Society has this obsessive tendency to try and label every aspect of a person’s existence. From the way we look, dress, act, and other superficial qualities that are believed to define our character. The more you resist conforming to the norms of the people surrounding you, the more labels they throw your way. Our communities are filled with label whores who, instead of dignifying their esteem in the latest high end threads, use labels to call out people (on their flaws) for being who they are.

I stood on the sweltering platform at Union Square, suffocated by my own need to breathe and the swarm of sweaty bodies that overwhelmed my petite figure. Latching onto my bags filled with pamphlets of all the volunteer opportunities from this coming school year, reading my latest book and blasting HAIM through my headphones, I felt a body stand still in my proximity. A young guy approached and stood closer than necessary. Past situations and keen observation made me aware that his intent was to speak to gain my attention.

“Everything is better bite sized.”

Annoyed, anxious and uncomfortable with little space to avoid the pending interaction. I swallowed hard, adjusted my stance and ignored his statement.

As he stepped closer, he asked, “What are you reading?”

I blinked. Still, there was no reply.

“I’m just trying to get to know ya. No need to be an uptight, mean bitch. You hipster chicks read some books and listen to rock music and act like ya’ll too good for conversation.”

Conversations with my friends and others flashed through my mind. All the times I’ve been labeled mean, uptight, the “angry black woman too independent for a man” and I felt a surge of guilt emerge from the whimper of my thoughts. Impending guilt because a man sexualized my being,yet again. Imagine that!

He shook his head, clearly blaming me for what had transpired. I stood perplexed and my flustered gaze was met with the words of a woman standing in earshot of the one-way conversation.

“Sweetheart, don’t worry too much about people like that.” Looking over my person and the charity totes I had clenched to my wrist, she continued.

“Anyone who’s involved with trying to feed the world’s hungry and strengthening the educational system probably isn’t that mean. And from seeing your angst on standing amid a crowd of people, you’re guarded. You’re stern, [You] have a story deeper than meets the eye. Smiles are good for hiding, giggles make life easier. Women are supposed to be inviting and when you ain’t that intimidates folks. I used to be you, don’t sweat people’s perception. Let’s Discuss Diabetes With Owls is a very humorous read you’ll enjoy it.”

She went back to reading her paper.

I felt an instant of relief. It’s rare that someone gets me. Our souls shared a similar story and for once, I didn’t have to explain it. The introvert in me was happy.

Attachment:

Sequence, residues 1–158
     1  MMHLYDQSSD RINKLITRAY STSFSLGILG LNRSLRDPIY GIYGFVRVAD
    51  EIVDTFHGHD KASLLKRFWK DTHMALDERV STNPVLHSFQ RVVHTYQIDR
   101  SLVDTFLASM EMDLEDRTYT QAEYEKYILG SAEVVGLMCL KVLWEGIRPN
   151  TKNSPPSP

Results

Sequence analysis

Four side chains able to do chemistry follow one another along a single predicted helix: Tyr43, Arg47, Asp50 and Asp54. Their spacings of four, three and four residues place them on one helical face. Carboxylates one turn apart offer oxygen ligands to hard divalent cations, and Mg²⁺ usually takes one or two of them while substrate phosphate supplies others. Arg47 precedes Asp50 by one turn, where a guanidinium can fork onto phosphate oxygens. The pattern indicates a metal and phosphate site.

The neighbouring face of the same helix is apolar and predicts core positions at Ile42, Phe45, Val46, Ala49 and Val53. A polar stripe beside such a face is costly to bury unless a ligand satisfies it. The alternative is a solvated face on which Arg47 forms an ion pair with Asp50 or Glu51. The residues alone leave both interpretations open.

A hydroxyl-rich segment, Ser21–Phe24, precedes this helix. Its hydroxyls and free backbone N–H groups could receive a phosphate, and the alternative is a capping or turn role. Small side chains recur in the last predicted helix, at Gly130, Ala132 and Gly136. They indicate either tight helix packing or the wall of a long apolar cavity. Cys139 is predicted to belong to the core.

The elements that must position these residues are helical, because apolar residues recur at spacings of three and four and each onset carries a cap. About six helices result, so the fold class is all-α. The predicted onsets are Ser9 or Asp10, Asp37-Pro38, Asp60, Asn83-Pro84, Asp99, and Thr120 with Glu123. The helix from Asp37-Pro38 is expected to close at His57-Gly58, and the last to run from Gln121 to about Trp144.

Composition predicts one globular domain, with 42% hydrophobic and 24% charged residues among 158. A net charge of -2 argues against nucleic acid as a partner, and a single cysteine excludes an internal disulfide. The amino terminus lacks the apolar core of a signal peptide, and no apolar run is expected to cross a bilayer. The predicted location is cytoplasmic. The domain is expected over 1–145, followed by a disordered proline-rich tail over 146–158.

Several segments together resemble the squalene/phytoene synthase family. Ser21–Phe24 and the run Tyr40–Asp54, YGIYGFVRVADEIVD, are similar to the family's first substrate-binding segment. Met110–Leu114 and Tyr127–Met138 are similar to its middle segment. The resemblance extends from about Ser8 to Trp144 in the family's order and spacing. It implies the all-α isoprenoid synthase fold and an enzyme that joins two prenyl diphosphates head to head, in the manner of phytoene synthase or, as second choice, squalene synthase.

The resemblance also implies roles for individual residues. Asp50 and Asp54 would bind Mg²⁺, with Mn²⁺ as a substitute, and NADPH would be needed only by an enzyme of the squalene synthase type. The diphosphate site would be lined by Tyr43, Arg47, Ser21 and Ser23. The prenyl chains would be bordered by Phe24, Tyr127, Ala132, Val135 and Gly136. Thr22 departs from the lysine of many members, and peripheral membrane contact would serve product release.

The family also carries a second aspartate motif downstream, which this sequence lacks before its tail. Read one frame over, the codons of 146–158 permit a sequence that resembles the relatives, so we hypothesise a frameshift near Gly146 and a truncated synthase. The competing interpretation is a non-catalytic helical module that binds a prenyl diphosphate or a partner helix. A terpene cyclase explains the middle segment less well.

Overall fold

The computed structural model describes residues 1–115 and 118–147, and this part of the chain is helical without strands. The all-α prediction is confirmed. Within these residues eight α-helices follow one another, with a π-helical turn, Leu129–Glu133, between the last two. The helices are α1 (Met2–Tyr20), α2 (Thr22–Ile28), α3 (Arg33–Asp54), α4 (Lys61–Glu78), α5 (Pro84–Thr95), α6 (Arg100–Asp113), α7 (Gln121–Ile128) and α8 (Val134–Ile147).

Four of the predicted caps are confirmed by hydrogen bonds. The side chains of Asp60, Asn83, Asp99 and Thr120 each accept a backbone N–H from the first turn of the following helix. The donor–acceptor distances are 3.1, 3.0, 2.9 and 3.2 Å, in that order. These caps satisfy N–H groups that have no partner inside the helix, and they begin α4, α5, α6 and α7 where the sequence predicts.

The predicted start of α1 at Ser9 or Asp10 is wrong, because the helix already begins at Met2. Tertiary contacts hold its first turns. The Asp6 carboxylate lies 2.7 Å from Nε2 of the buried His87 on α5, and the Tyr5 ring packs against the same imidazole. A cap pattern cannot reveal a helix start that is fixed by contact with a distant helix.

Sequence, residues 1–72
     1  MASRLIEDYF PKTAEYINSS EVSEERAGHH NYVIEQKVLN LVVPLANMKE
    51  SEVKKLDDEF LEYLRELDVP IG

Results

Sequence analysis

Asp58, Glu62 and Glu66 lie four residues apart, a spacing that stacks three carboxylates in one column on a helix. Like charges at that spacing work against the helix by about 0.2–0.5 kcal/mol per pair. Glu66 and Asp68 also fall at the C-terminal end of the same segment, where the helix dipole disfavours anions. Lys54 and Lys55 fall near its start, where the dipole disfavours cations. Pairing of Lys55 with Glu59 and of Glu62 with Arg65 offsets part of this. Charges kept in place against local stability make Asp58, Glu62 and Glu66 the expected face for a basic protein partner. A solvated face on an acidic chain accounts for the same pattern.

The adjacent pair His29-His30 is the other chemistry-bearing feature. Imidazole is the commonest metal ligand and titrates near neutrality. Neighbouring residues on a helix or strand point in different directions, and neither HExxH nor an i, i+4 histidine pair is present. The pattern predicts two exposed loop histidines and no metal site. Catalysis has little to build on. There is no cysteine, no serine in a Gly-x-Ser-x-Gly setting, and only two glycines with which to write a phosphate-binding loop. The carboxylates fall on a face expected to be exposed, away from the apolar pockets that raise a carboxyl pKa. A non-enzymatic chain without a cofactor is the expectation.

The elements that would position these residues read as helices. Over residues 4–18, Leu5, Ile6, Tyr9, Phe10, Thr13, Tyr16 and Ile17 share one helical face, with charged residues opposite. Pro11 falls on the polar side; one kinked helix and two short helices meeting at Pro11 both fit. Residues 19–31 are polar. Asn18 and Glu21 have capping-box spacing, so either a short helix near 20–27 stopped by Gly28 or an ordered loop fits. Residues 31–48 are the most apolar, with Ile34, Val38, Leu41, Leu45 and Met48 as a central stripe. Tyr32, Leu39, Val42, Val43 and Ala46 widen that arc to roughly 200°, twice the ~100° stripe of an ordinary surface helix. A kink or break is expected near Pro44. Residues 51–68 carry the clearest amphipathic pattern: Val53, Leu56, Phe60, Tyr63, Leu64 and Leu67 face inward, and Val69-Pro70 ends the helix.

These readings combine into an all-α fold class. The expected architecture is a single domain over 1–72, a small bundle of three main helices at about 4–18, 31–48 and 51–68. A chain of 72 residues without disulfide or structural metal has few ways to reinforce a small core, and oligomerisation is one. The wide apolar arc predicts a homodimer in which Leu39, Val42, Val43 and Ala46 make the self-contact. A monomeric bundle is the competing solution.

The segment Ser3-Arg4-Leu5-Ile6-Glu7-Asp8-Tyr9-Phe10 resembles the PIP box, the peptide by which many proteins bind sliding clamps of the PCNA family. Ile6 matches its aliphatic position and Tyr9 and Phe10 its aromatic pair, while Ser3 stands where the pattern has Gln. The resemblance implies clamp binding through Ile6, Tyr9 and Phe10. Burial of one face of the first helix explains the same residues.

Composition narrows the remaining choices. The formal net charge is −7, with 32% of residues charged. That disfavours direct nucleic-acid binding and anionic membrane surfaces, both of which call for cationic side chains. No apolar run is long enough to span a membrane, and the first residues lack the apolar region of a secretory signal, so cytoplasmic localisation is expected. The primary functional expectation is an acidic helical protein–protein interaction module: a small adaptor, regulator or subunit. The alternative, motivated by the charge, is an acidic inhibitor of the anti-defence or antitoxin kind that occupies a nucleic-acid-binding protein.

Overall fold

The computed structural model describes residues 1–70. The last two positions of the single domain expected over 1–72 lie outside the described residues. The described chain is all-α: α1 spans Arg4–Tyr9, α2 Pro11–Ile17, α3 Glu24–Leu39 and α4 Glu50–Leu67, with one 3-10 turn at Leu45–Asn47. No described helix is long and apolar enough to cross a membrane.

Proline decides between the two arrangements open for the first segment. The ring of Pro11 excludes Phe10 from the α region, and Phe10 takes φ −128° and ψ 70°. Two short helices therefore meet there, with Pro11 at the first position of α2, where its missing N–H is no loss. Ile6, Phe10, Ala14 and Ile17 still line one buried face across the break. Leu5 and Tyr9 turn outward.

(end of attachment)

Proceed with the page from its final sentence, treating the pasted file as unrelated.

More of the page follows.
It’s weird how strangers sometimes get you more than the people in your life. Or that people see that your behavior comes from the way you’ve been treated throughout life. Many of my experiences with men especially have hardened me but I’m more cautious than jaded. Through it all I have never considered myself more than Christina because labels can be function like temporary fads in the long run.

Society puts labels on you to point out all the things we have been conditioned to think is wrong when people don’t behave in a manner similar to the projected view of the different groups of people in our hierarchical regime.

Depressed. Insecure. Fat. Mean. Jerk. Asshole. Snob. Hippy. Emo. Goth. Coon. Attention Whore.

I used to be one to label people, until I realized it does more harm to the psyche than good. The labels on maps and streets physically navigate our limitless journeys, but in a spiritual sense, they can dock our ships.
The labels allow people to define who they believe you to be. It lets them tell you who you are and points out who you are “supposed to be”. We don’t realize it, but the perpetuation of labels leads people to conceal themselves and impinge on happiness.

We’re labeled. Tags are placed on our conscience and stick to us like the dew of a warm summer afternoon.

Those invisible labels show prominence and we begin to believe what is perceived of us and the judgment manifests itself in our lives. They assume, make selfish rationalizations, and judge on first impressions as if a lifetime can be limited to a few minutes. Old truths become your eternal reputation as if people don’t evolve. And it happens most from the people we’ve known the longest because they become comfortable in deciding who you are instead of who you’re becoming.

You are who you are because of your experiences, the ones people see and the untold ones you tuck away. Labeling you is a way for society to continue to spread groupthink. No matter the slight differences in opinion; we’re all the same – human beings. There’s a solace in labels because it’s easier to form reactions to the imagery of what is wanted of us, then it is to gauge the individualism of non-conforming existences.

You have a destiny and a mission in this Uni-Verse and no one should have the privilege of affecting it. We’re all flawed. Acknowledging these flaws is beneficial for growth but the labels that come along with progress be them good or bad box us in. You never reach your full potential in life at the confines of others.


  1. pf
    Posted Aug 01 at 12:56 pm | Permalink

    You are by no means obligated to engage him in conversation, but to not acknowledge him makes you impolite. Had he still reacted the same way he if you at least rebuffed him politely, he’d still be in the wrong, but you wouldn’t.

    • RawrSavvy
      Posted Aug 01 at 1:01 pm | Permalink

      I had nothing nice to say so I chose to say nothing at all. I was uncomfortable. The point of my post was not to mark him as the bad guy. But what is a polite way to objectify a woman?

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